|50||Jim Hagedorn||Minnesota District 1||2019-01-03||Republican Party|
|51||Steve King||Iowa District 4||2003-01-07||Republican Party|
|52||Phil Roe||Tennessee District 1||2009-01-06||Republican Party|
|53||Ross Spano||Florida District 15||2019-01-03||Republican Party|
|54||Richard Hudson||North Carolina District 8||2013-01-03||Republican Party|
|55||Guy Reschenthaler||Pennsylvania District 14||2019-01-03||Republican Party|
|56||Carol Miller||West Virginia District 3||2019-01-03||Republican Party|
|57||Cathy McMorris Rodgers||Washington District 5||2005-01-04||Republican Party|
|58||Paul Gosar||Arizona District 4||2011-01-05||Republican Party|
|59||Daniel Webster||Florida District 11||2011-01-05||Republican Party|
|60||Steven Palazzo||Mississippi District 4||2011-01-05||Republican Party|
|61||Warren Davidson||Ohio District 8||2016-06-09||Republican Party|
|62||Trent Kelly||Mississippi District 1||2015-06-09||Republican Party|
|63||David Joyce||Ohio District 14||2013-01-03||Republican Party|
|64||Jack Bergman||Michigan District 1||2017-01-03||Republican Party|
|65||Markwayne Mullin||Oklahoma District 2||2013-01-03||Republican Party|
|66||Paul Mitchell||Michigan District 10||2017-01-03||Republican Party|
|67||Brian Mast||Florida District 18||2017-01-03||Republican Party|
|67||Bob Gibbs||Ohio District 7||2013-01-04||Republican Party|
|69||Greg Gianforte||Montana At-large District||2017-06-21||Republican Party|
|70||Kevin Hern||Oklahoma District 1||2018-11-13||Republican Party|
|71||Don Young||Alaska At-large District||1973-03-06||Republican Party|
|72||Jeffrey Fortenberry||Nebraska District 1||2005-01-04||Republican Party|
|73||Dan Meuser||Pennsylvania District 9||2019-01-03||Republican Party|
|74||Rick Crawford||Arkansas District 1||2011-01-05||Republican Party|
|75||Steve Stivers||Ohio District 15||2011-01-05||Republican Party|
|76||Patrick T. McHenry||North Carolina District 10||2005-01-04||Republican Party|
|77||Frank Lucas||Oklahoma District 3||2003-01-07||Republican Party|
|78||Anthony Gonzalez||Ohio District 16||2019-01-03||Republican Party|
|79||Don Bacon||Nebraska District 2||2017-01-03||Republican Party|
|80||Tom McClintock||California District 4||2009-01-06||Republican Party|
|81||H. Morgan Griffith||Virginia District 9||2011-01-05||Republican Party|
|82||Mike Conaway||Texas District 11||2005-01-04||Republican Party|
|83||Jason Smith||Missouri District 8||2013-06-05||Republican Party|
|84||Brad Wenstrup||Ohio District 2||2013-01-03||Republican Party|
|85||Mario Diaz-Balart||Florida District 25||2003-01-07||Republican Party|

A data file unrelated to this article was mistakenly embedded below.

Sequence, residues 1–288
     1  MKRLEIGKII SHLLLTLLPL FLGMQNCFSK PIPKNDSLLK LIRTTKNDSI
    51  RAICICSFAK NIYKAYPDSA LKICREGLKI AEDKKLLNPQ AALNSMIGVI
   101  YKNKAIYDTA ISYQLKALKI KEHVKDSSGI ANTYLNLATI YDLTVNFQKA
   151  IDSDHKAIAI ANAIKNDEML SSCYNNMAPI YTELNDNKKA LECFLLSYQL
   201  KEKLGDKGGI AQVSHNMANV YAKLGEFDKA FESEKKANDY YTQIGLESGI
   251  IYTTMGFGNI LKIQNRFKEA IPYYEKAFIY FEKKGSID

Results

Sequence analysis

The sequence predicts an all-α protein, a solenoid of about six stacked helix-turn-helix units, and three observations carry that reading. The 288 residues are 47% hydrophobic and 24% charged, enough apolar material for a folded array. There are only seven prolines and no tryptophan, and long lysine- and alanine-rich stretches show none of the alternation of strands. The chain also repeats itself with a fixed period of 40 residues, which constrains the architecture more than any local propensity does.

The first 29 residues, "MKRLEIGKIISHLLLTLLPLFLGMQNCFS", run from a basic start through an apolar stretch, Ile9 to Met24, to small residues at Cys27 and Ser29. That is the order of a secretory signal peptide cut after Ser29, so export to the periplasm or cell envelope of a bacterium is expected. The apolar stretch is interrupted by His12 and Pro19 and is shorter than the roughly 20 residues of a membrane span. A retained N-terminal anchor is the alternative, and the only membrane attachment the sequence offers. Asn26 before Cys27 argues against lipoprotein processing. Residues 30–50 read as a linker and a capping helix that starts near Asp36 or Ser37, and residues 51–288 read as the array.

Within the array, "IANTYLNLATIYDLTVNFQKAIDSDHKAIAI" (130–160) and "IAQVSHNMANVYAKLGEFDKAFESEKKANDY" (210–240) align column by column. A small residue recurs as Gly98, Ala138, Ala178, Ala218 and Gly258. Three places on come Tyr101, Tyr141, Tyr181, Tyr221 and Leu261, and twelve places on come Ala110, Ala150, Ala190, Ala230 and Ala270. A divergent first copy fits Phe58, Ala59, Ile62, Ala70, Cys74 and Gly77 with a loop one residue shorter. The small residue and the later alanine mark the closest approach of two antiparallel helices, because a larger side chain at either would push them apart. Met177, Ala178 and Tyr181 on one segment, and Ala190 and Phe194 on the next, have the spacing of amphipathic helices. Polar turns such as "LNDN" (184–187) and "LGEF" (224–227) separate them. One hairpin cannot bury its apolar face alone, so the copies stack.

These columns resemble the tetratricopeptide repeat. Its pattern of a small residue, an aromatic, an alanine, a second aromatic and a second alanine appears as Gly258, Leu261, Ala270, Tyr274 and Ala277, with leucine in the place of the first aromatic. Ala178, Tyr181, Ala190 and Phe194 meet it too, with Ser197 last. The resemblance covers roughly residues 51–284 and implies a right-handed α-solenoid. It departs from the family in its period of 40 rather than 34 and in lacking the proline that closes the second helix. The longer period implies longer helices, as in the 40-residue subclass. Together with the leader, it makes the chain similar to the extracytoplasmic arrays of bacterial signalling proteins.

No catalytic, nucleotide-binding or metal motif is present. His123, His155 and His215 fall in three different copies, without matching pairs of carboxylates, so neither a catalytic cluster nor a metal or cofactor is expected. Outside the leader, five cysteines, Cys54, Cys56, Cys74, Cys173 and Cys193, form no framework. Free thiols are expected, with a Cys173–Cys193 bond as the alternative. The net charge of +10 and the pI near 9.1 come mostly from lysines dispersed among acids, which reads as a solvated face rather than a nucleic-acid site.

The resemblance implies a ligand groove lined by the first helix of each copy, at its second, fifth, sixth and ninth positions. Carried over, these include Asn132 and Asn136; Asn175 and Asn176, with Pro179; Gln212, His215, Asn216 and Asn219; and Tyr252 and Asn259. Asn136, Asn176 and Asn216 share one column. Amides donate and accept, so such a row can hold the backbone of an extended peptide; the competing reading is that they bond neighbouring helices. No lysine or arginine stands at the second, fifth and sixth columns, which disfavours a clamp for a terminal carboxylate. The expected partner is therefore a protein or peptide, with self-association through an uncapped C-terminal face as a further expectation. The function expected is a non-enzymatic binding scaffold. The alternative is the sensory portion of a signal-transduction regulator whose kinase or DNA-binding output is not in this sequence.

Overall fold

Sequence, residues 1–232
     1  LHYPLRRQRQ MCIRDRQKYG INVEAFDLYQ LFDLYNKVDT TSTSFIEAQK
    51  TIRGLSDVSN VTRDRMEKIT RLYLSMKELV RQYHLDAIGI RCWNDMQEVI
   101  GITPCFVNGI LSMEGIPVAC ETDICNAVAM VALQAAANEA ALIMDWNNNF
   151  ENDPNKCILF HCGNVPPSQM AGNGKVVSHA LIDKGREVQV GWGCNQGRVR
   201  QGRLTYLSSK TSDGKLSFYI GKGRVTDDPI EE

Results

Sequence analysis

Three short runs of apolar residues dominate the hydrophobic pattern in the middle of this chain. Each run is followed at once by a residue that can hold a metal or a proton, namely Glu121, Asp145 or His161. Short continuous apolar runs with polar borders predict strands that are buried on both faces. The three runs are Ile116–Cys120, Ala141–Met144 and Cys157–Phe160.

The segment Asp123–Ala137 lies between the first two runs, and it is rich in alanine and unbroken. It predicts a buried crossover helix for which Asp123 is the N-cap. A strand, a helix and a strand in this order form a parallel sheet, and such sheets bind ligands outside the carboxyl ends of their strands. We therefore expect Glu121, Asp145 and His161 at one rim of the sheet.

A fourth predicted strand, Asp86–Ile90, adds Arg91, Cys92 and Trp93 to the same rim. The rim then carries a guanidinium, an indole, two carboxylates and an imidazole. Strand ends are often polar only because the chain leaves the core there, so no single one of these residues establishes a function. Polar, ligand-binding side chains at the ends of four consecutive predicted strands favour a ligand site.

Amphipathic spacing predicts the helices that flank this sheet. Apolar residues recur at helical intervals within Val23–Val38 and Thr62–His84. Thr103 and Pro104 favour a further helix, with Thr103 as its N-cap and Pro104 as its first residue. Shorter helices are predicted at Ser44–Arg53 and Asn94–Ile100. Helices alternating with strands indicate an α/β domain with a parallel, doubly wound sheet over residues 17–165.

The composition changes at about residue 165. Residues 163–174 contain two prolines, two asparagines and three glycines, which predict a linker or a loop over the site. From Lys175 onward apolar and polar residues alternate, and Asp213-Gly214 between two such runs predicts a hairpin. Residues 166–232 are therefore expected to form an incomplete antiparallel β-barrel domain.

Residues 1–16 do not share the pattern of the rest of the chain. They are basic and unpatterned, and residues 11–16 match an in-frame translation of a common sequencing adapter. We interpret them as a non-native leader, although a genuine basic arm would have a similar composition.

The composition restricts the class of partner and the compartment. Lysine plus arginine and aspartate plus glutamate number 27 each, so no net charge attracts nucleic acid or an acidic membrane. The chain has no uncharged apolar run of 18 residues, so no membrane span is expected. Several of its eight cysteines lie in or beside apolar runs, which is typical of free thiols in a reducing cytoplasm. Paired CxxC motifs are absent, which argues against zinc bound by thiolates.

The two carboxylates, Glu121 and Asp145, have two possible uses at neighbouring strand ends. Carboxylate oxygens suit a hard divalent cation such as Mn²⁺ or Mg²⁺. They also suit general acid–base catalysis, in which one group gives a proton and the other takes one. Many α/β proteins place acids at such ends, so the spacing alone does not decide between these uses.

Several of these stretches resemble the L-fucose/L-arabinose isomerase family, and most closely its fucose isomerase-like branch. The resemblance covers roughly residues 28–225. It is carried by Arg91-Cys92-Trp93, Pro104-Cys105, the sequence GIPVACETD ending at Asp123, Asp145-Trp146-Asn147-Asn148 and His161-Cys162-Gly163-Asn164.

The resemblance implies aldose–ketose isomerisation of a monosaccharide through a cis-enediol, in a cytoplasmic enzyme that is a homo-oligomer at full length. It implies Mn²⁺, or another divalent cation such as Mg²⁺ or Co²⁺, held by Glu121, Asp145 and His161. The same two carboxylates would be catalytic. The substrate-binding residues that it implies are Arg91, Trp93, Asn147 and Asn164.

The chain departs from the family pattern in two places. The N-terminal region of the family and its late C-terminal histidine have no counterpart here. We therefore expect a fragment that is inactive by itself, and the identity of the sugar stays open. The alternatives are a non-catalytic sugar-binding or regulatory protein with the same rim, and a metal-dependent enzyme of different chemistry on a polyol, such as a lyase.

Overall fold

|86||Scott Tipton||Colorado District 3||2011-01-05||Republican Party|
|87||David Schweikert||Arizona District 6||2011-01-05||Republican Party|
|88||John Carter||Texas District 31||2003-01-07||Republican Party|
|89||Benjamin Lee Cline||Virginia District 6||2019-01-03||Republican Party|
|90||Tom Graves||Georgia District 14||2010||Republican Party|
|91||Rodney Davis||Illinois District 13||2013||Republican Party|
|92||Lee Zeldin||New York District 1||2015-01-06||Republican Party|
|93||Bruce Westerman||Arkansas District 4||2015-01-06||Republican Party|
|94||Roger Williams||Texas District 25||2013-01-03||Republican Party|
|95||Robert J. Wittman||Virginia District 1||2007-01-04||Republican Party|
|96||Kenny Marchant||Texas District 24||2005-01-04||Republican Party|
|97||Mac Thornberry||Texas District 13||1995-01-04||Republican Party|
|98||Pete Stauber||Minnesota District 8||2019-01-03||Republican Party|
|99||Mike Gallagher||Wisconsin District 8||2017-01-03||Republican Party|
|100||Rick Allen||Georgia District 12||2015||Republican Party|
|101||Mike Johnson||Louisiana District 4||2017-01-03||Republican Party|
|102||Daniel Crenshaw||Texas District 2||2019-01-03||Republican Party|
|103||F. James Sensenbrenner||Wisconsin District 5||2003-01-07||Republican Party|
|104||Mike Rogers||Alabama District 3||2003-01-07||Republican Party|
|105||Michael Turner||Ohio District 10||2013-01-03||Republican Party|
|106||David McKinley||West Virginia District 1||2011-01-05||Republican Party|
|107||Scott Perry||Pennsylvania District 10||2019-01-03||Republican Party|
|108||Darin LaHood||Illinois District 18||2015-09-17||Republican Party|
|109||Charles J. Fleischmann||Tennessee District 3||2011-01-05||Republican Party|
|110||Aumua Amata Radewagen||American Samoa At-large District||2015-01-03||Republican Party|
|111||Sam Graves||Missouri District 6||2001-01-03||Republican Party|
|112||Chip Roy||Texas District 21||2019-01-03||Republican Party|
|113||Susan Brooks||Indiana District 5||2013-01-03||Republican Party|
|114||Greg Steube||Florida District 17||2019-01-03||Republican Party|
|115||Rob Woodall||Georgia District 7||2011-01-05||Republican Party|
|116||Louis B. Gohmert Jr.||Texas District 1||2005-01-04||Republican Party|
|117||Adam Kinzinger||Illinois District 16||2011-01-05||Republican Party|
|118||Randy Weber||Texas District 14||2013-01-03||Republican Party|
|119||Jim Jordan||Ohio District 4||2007-01-04||Republican Party|
|120||Gregory Murphy||North Carolina District 3||2019-09-17||Republican Party|
|121||Neal Dunn||Florida District 2||2017-01-03||Republican Party|
|122||Bryan Steil||Wisconsin District 1||2019-01-03||Republican Party|
|123||Austin Scott||Georgia District 8||2011-01-05||Republican Party|